Continuous Improvement Options
If there is an inherent tension between family therapists and the current DSM-IV requirements, how can the tension be resolved? One option is to work within the DSM system to incorporate family assessment using the GARF and the CORD, as well as enhancement of Axis IV psychosocial stressor definitions. A unified effort will be required to achieve this goal in DSM-V. Another option is to develop a separate, parallel classification system. Several options are discussed in Florence Kaslow's (1996) Handbook of Relational Diagnosis and Dysfunctional Family Patterns. Perhaps a third option is for family therapists to abandon the use of diagnosing and participation in the current insurance and court testimony requirements (Becvar and Becvar 2000). Professionals could make a greater effort to educate insurance companies and courts about the efficiency of family therapy without diagnosis; some Employee Assistance Programs (EAP) accept this premise. If education were unsuccessful, moving away from payment by insurance and/or courts and accepting the financial risk of serving only self-paying clients would be a dramatic way for family therapists to make a statement consistent with systemic beliefs.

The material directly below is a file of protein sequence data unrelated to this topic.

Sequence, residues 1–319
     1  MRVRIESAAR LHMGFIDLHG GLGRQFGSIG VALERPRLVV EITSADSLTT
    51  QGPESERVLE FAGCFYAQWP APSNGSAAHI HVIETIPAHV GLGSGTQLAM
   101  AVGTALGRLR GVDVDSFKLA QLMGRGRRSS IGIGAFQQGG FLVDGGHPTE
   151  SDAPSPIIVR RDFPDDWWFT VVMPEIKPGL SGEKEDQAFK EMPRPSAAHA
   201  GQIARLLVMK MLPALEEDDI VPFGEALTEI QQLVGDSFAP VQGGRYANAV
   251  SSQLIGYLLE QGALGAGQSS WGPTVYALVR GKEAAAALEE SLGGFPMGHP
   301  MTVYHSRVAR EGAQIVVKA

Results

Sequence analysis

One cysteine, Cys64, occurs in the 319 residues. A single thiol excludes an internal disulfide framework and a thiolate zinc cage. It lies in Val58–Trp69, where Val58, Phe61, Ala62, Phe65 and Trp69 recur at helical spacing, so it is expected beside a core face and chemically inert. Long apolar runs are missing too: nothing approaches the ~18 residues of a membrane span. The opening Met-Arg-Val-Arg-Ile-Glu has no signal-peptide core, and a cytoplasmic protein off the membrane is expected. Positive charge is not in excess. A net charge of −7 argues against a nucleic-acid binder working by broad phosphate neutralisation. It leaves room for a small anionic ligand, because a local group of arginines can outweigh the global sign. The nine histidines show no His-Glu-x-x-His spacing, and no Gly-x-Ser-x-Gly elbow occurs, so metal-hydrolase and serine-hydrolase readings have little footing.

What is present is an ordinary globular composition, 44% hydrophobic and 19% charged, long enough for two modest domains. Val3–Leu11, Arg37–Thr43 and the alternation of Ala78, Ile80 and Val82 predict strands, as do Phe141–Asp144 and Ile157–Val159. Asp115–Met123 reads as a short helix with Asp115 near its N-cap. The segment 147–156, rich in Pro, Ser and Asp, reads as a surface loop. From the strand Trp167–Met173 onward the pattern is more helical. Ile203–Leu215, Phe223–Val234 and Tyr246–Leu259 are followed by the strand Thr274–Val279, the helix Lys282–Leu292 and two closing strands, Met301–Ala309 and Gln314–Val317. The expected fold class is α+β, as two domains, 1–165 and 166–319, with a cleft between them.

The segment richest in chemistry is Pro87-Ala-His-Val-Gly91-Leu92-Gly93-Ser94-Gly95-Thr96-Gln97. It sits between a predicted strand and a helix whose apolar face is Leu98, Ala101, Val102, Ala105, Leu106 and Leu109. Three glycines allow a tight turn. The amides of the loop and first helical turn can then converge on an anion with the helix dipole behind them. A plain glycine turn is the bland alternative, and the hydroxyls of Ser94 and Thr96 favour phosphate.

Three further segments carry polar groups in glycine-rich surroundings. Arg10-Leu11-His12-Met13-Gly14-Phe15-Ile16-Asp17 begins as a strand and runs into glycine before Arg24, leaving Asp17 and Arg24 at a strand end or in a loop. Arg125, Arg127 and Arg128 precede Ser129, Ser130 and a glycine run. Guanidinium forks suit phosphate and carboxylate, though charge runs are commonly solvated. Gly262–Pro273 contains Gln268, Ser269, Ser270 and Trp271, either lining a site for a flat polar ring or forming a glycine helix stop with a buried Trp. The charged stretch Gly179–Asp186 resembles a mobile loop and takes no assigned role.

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LYNELLE C. YINGLING
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